Lacking a large percentage of what is above will only keep bridge from achieving what is its due for at least another 40 years (roaming the desert) and possibly forever.

Mark WhitmanMay 1st, 2015 at 4:20 pm

What’s the problem? The hesitation is obviously one of two possibilities:
a) “Oh my! Look at those rain clouds. Did I remember to roll up my car windows when I arrived at the club today? Let me think …”; or
b) “That clown on my left is sure to bid 3NT on this auction. When he does, should I double him to teach him a lesson, or should I let him go down undoubled rather than risk having him run to 4 diamonds? Let me think …”
East correctly read his partner’s hesitation as (b) and realized he was in possession of unauthorized information. He considered both Pass and 4 hearts as logical alternatives and chose the option contraindicated by the hesitation. So everything worked out exactly as it was supposed to.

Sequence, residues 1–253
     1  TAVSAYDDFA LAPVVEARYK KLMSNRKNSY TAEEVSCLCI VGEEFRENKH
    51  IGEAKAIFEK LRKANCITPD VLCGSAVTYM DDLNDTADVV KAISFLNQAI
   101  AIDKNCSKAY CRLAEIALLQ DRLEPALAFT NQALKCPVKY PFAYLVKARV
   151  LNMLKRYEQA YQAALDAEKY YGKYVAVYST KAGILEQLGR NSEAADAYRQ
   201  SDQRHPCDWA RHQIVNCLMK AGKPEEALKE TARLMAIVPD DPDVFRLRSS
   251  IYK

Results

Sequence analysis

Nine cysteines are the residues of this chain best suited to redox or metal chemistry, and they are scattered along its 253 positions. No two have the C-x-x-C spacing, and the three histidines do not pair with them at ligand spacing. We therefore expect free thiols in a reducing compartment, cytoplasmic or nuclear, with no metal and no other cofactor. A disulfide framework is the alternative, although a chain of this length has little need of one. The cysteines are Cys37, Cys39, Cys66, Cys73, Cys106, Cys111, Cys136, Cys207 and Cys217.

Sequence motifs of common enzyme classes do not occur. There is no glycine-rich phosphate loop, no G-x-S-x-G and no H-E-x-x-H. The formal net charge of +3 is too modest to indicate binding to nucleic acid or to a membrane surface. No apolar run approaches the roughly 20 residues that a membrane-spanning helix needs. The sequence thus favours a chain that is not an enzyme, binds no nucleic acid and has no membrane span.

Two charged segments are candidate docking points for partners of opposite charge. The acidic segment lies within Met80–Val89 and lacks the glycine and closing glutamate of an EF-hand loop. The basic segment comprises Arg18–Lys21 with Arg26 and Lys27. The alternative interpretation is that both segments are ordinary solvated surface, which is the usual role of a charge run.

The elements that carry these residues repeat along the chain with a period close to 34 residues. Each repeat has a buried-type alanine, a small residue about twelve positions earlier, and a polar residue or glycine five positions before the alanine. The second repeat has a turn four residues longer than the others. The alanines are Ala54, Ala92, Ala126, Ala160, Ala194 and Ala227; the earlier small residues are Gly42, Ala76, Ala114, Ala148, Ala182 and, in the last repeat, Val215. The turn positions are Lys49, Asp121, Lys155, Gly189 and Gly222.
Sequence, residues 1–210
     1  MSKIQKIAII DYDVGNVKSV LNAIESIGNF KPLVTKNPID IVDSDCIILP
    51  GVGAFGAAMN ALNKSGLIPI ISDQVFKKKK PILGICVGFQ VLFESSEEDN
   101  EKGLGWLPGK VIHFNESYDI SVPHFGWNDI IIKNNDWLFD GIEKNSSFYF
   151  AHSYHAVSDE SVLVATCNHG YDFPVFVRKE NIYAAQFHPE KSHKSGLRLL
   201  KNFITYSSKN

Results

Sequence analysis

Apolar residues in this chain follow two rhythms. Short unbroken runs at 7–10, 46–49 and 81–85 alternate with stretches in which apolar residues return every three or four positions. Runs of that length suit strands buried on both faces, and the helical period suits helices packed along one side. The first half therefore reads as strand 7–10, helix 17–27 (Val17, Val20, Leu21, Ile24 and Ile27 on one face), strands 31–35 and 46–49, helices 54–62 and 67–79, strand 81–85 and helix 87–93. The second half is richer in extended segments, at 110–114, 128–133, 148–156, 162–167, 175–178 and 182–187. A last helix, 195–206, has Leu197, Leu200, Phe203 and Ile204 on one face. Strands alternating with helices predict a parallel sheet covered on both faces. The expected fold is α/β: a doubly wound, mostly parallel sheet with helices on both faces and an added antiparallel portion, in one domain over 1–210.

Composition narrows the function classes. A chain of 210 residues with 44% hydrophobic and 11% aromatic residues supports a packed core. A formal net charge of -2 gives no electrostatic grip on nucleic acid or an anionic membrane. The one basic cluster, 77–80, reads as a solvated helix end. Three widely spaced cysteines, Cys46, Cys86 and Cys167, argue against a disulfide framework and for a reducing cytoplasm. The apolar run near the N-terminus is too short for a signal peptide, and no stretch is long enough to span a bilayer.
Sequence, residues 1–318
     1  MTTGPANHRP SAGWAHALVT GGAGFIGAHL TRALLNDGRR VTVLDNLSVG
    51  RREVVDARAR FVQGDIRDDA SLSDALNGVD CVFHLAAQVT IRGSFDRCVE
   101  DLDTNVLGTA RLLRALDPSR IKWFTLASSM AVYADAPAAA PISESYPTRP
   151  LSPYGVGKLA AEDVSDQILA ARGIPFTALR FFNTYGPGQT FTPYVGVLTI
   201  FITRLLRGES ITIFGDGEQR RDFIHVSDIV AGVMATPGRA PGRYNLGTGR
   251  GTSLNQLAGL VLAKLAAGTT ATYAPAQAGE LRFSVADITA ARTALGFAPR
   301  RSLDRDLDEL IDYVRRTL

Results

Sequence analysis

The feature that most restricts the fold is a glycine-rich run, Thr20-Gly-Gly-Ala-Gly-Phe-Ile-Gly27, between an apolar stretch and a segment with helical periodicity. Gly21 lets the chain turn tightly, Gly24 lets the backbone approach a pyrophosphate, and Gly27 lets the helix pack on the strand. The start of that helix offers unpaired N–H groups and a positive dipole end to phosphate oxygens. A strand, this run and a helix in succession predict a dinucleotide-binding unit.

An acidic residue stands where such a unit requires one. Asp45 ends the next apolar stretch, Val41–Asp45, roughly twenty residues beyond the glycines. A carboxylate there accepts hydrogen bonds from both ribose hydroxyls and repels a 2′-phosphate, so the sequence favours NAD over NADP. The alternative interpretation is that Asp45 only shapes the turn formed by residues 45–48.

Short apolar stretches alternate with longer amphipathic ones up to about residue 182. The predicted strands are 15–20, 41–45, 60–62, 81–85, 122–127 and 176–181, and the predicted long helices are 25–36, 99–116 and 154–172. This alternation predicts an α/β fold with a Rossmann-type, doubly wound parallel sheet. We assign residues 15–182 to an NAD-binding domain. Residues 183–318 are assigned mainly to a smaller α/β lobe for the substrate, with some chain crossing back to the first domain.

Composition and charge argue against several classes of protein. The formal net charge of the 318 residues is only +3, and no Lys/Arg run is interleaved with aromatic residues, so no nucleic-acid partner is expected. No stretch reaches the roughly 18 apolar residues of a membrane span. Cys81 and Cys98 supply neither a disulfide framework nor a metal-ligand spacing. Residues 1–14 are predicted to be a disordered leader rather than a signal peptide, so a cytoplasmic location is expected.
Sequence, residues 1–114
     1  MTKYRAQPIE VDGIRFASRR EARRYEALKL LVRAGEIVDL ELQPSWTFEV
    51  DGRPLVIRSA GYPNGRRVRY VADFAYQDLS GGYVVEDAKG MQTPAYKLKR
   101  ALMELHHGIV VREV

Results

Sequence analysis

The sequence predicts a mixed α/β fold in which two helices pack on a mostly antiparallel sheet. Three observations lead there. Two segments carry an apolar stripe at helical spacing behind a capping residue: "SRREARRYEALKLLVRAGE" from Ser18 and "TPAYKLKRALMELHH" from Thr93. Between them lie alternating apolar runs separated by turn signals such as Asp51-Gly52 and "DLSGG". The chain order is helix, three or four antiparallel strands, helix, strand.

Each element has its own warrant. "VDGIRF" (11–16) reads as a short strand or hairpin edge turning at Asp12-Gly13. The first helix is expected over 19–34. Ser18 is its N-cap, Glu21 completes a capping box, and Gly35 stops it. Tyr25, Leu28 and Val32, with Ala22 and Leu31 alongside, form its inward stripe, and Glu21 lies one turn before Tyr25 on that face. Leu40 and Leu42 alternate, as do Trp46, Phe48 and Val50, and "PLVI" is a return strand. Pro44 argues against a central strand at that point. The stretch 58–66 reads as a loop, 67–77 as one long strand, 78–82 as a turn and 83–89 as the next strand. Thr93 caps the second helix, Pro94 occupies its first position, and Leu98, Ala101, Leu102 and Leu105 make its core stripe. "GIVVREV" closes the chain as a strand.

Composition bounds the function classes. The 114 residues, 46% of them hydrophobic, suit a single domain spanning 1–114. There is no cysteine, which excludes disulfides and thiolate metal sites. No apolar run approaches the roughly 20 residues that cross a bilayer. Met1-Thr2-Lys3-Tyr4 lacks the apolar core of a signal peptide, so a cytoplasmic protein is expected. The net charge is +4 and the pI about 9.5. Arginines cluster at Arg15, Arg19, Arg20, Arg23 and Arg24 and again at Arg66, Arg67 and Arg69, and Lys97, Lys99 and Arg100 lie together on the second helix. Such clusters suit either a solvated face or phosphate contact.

Now if the hesitation had actually been caused by (a) instead of (b), and if both 3NT and 4 hearts were making, then you’d be screaming for a score adjustment when nothing improper had happened. Sometimes my East just can’t win.

Jeff LehmanMay 1st, 2015 at 5:13 pm

Mark, I understand the concern that EW can, no matter what decision East makes following West’s BIT, keep a bad result and risk having a good result adjusted. If the reading by East of the cause of West’s BIT were random, I might share that concern. But, by my observations, the reading is far from random: the Easts of the bridge world seem to perform remarkably well at reading the cause of the BIT by their partner Wests. Even in this case, I suspect that is what happened: West’s BIT suggested to East that West was considering bidding 3H (I think West has an easy pass of 3D, but what I think is not relevant; all that is relevant is what UI was communicated by this West to this East) and, given the lack of defense possessed by East, that suggestion led to East bidding 4H. (Do you think East would have done anything but pass had West passed in tempo? I don’t.) If the EWs want to avoid what you might perceive as a Catch 22, there is an easy solution for EW: just avoid breaking tempo. Until that happens, I am fine with the laws being used to protect the innocent NSs.